Unfortunately, such a study must have an incredibly broad scope, covering at least several hundred years (and there certainly are also Roman examples, and perhaps Greek ones as well), and with examples executed in a variety of modes.
Indeed, it seems important for me to at least note that I am accustomed to thinking of various materials as what have been called "writing supports"--the substrates or surfaces upon which writing appears: paper, vellum, wood, stone, metal, chalkboards, and so on. In my simplistic mind, I usually think each writing support has a more or less natural writing technology that suits it: ink is used on paper and vellum; stone and metal are inscribed or engraved; chalkboards take chalk.
In the case of glass, however, words and characters may be present in the mold that shapes the glass in the first place (for pieces that are molded); they may be etched into the surface with acid; they may be painted or enameled onto the surface; they may be engraved or cut by a stone or metal wheel.
For today's blog post, I just wanted to share one recent acquisition that features two letters in the form of a monogram. The piece of glass is a cut and engraved glass flask, about 6 inches in size. It is cranberry (or gold ruby) in color, and it probably dates, I would guess, to the 1880s, based upon the nature of the piece and the style of decoration.
My first instinct is to suspect this flask is American in its origins, because flasks of this basic size and shape were a very common American production item in the middle nineteenth century, often very colorful and attractive. This example, if I am right about the date, comes from the very end of that tradition, and at the auction where I purchased it, it was tentatively attributed to the Dorflinger cut glass factory, in White Mills, PA (east of Scranton). It's a perfectly plausible attribution: this piece has all the quality that one would expect out of a piece of Dorflinger, and there aren't all that many other candidates for the manufacture of a piece of this quality from this period.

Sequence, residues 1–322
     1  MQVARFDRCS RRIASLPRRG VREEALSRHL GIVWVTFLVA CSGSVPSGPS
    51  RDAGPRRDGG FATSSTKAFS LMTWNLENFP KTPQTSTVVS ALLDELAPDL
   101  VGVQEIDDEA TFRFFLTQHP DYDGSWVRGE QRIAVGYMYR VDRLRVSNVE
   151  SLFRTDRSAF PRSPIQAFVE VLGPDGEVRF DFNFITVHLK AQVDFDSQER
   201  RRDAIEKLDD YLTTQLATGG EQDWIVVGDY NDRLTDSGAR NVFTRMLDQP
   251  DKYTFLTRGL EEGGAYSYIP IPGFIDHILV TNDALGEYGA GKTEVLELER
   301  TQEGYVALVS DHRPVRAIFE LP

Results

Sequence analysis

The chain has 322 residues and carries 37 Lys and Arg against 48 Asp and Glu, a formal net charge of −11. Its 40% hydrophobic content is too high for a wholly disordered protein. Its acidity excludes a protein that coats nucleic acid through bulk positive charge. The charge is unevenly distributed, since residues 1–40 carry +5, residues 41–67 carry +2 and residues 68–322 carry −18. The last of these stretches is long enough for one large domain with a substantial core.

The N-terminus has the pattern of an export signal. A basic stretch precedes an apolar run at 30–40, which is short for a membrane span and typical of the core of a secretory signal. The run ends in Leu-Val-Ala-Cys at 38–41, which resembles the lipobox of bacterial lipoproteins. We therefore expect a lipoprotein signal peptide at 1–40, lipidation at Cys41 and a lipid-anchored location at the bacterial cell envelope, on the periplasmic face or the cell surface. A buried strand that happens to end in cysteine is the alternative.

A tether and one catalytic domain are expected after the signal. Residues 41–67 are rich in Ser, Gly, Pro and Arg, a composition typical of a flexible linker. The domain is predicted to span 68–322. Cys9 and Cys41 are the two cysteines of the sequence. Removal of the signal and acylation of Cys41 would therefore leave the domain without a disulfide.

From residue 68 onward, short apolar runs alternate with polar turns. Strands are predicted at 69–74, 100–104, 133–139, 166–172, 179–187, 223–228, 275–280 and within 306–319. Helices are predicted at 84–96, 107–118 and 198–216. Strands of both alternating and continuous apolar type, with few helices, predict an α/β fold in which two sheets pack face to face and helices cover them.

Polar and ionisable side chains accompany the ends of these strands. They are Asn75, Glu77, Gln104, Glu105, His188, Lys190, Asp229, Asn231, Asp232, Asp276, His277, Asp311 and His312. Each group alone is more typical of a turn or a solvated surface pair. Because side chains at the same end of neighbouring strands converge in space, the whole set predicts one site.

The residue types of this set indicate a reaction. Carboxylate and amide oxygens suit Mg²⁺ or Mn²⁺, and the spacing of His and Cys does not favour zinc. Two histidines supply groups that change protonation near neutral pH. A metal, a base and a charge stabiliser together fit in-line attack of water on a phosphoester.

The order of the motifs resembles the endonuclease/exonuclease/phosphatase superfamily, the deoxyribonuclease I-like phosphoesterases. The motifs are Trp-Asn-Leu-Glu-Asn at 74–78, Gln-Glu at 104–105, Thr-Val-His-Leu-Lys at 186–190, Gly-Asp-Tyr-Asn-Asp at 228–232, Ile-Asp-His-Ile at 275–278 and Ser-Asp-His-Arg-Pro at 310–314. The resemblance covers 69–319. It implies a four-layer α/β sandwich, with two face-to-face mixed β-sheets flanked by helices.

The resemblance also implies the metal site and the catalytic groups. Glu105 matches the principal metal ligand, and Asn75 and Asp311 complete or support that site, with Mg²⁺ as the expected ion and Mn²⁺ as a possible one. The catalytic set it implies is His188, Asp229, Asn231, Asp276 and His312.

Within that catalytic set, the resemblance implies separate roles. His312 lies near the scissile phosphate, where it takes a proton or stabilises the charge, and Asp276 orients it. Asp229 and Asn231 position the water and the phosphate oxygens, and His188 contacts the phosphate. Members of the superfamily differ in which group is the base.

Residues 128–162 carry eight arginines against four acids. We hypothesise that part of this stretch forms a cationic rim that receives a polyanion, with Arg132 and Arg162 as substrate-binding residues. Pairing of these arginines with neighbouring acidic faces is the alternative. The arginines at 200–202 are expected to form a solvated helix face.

Unless the flask is British or European, that is. Seeing the monogram reads RV or VR, one of my other first instincts was to imagine that one candidate for the person referenced in the monogram might be Victoria Regina, England's Queen Victoria. I would hesitate to suggest that Queen Victoria herself would have needed a monogrammed flask for her liquor, but it is at least possible that this might have been cut as a souvenir of her Golden Jubilee in 1887.
|One form of Victoria's VR monogram.|
Without a crown being present on the flask, it is probably not possible to be certain about attributing the monogram to Victoria, even as a Jubilee souvenir. But the possibility is intriguing, and I should probably add that if VR does stand for Victoria Regina, it is still possible that the flask was made and decorated in America: there has long been a market here for English royal memorabilia.
Perhaps as readers of this blog has come to expect, there are yet-unanswered questions here: but that's part of the fun, I always think.